Police find difficulties in missing adult cases
The disappearance of a 38-year-old Lawrence woman nearly two weeks ago reveals the sorts of difficulties police and families often encounter when adults go missing.
Lesley Smith’s family members say they’re frustrated because they fear people will jump to the conclusion that, because Smith is an adult, she must have gone somewhere willingly.
And police say absent witnesses or a compelling piece of evidence that a missing adult is in immediate danger, there’s only so much they can do.
“Usually we go with the family’s instincts or the loved one’s instincts when they say this is totally out of character,” said Lt. Dan Affalter, who supervises detectives at the Lawrence Police Department. “We take that very seriously, but the question is, if they’re clueless and they know the person, where do we go?”
So far this year, four other adults have been reported missing to the Lawrence Police Department, Affalter said. One was found the same day, one was found three days later, and one turned up the next day in the Johnson County Jail, Affalter said.
Another, 22-year-old Hamidah Nagama of Lee’s Summit, Mo., was reported missing Jan. 22 after she failed to enroll for Kansas University courses. As far as Lawrence and KU police know, she’s still missing.
Often, the reasons someone is missing are simple — and don’t involve foul play.
Some missing adults meet a new person who occupies all of their time, Affalter said. People with substance-abuse problems might check themselves into confidential treatment programs or go on a binge. Other people simply feel the urgent need to take a road trip, he said.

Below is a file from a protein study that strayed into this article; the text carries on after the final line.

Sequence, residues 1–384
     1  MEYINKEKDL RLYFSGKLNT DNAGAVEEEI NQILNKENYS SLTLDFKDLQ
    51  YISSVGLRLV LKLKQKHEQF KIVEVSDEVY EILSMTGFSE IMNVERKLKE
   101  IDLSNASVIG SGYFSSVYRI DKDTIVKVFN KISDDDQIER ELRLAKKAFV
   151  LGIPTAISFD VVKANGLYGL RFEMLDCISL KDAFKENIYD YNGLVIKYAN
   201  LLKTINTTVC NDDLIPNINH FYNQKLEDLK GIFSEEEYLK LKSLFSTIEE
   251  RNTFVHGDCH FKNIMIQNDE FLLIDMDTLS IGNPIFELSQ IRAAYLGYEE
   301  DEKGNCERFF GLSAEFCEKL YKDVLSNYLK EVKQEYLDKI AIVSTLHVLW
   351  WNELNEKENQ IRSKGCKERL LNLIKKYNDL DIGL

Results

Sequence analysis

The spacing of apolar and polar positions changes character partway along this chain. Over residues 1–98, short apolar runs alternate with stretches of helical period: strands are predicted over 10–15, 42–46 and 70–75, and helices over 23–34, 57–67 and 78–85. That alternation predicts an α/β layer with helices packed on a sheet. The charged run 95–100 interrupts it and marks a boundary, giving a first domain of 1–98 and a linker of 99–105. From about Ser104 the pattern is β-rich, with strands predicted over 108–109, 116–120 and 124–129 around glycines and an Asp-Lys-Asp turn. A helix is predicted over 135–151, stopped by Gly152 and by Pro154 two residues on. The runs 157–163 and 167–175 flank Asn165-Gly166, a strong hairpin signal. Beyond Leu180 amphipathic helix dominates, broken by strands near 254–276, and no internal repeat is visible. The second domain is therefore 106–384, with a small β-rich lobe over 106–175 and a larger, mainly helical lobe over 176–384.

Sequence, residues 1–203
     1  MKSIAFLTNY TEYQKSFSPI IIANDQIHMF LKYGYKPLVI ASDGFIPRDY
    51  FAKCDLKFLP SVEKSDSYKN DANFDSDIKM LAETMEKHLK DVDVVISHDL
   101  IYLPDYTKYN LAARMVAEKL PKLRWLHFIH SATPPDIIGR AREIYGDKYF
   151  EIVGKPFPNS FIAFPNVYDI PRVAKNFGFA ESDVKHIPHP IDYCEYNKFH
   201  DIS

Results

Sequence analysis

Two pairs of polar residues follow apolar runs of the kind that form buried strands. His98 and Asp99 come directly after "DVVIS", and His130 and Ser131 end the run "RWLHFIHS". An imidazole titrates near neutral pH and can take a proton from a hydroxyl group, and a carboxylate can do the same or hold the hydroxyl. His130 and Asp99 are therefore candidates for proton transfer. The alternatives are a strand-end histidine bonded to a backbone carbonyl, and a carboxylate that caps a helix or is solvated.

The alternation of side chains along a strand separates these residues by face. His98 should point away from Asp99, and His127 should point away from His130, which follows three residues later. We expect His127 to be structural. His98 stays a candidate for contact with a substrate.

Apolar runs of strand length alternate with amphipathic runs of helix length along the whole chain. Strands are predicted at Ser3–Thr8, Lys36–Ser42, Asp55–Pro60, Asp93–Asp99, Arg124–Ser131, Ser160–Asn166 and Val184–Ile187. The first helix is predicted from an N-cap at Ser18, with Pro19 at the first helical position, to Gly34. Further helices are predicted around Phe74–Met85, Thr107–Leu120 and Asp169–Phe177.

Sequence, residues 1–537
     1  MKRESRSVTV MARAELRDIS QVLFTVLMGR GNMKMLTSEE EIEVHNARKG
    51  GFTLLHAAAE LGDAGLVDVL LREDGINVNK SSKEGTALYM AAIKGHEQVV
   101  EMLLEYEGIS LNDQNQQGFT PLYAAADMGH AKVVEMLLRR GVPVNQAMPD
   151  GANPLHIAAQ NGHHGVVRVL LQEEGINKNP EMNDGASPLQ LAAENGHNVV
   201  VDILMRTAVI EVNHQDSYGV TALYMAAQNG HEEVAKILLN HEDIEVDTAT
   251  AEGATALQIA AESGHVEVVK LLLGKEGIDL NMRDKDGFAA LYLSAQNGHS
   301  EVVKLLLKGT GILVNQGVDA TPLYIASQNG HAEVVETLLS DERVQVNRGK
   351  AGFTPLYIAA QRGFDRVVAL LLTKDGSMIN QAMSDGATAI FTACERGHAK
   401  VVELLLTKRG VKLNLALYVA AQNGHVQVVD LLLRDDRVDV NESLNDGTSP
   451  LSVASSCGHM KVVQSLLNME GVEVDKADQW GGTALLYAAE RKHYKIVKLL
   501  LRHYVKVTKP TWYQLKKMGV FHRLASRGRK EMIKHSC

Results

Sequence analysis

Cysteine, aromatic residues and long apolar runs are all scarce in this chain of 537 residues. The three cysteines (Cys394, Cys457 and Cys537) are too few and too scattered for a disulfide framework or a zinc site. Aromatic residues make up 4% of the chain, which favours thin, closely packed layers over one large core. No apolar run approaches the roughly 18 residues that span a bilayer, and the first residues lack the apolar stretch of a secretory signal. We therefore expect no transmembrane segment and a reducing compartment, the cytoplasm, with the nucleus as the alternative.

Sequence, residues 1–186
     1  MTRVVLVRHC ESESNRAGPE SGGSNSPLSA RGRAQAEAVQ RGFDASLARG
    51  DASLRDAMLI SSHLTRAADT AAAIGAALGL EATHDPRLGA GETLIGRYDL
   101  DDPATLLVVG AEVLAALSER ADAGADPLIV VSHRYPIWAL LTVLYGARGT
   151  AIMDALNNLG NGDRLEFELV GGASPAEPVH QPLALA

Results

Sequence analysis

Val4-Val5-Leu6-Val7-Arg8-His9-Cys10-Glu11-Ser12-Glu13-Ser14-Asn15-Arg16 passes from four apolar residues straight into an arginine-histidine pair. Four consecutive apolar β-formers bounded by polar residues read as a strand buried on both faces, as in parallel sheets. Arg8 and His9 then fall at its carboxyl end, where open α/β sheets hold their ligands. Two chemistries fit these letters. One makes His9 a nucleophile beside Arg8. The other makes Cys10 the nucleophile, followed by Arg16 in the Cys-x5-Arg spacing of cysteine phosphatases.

“An awful lot of our missing-person cases shake out to be folks that are just not communicating with their loved ones,” Affalter said.
Smith works as a server at the Bella Lounge, 925 Iowa, and lives with her parents in the 2000 block of Quail Creek Drive. She was last seen watching television at home about 10:30 p.m. Jan. 26.
In the morning, she was gone, along with the family’s 1990 Plymouth Voyager Van.
She left many of her belongings she would need to survive on the road: her purse, driver’s license, credit cards and bank cards. She took a cell phone, but its voice-mail in-box is now full of unanswered messages from her worried relatives.
Smith also left a cryptic note that alluded to medication and said “I love you so much.” She had taken antidepressants in the past, but family members say they’re not convinced that had anything to do with why she’s gone.
“We’ve called everywhere — contacted all of her friends in-state and out-of-state,” said Smith’s mother, Marilyn Anderson. “We have no idea.”
Employees at the Bella Lounge are equally dumbfounded.
“We’re all just very surprised and definitely didn’t anticipate anything like that ever happening,” co-worker Amber Nickel said.
On Jan. 30, the Kansas Highway Patrol spent three hours searching Douglas County by helicopter for Smith’s van. Because the van hasn’t been found, and because Smith left behind so many belongings, her family members fear she’s in danger. They’ve called wrecker companies and distributed her photo to UPS drivers.
Anderson says she hopes conventional wisdom won’t cause police to pursue her daughter’s case less aggressively.
“People just assume that it is their free will: they’re gone, so they chose to go,” Anderson said. “That may not necessarily be the case.”
The department has detectives assigned to both Smith’s and Nagama’s cases, and both women’s names have been entered into a nationwide police database.
Anyone with information about their whereabouts can call the department’s detectives at 830-7430.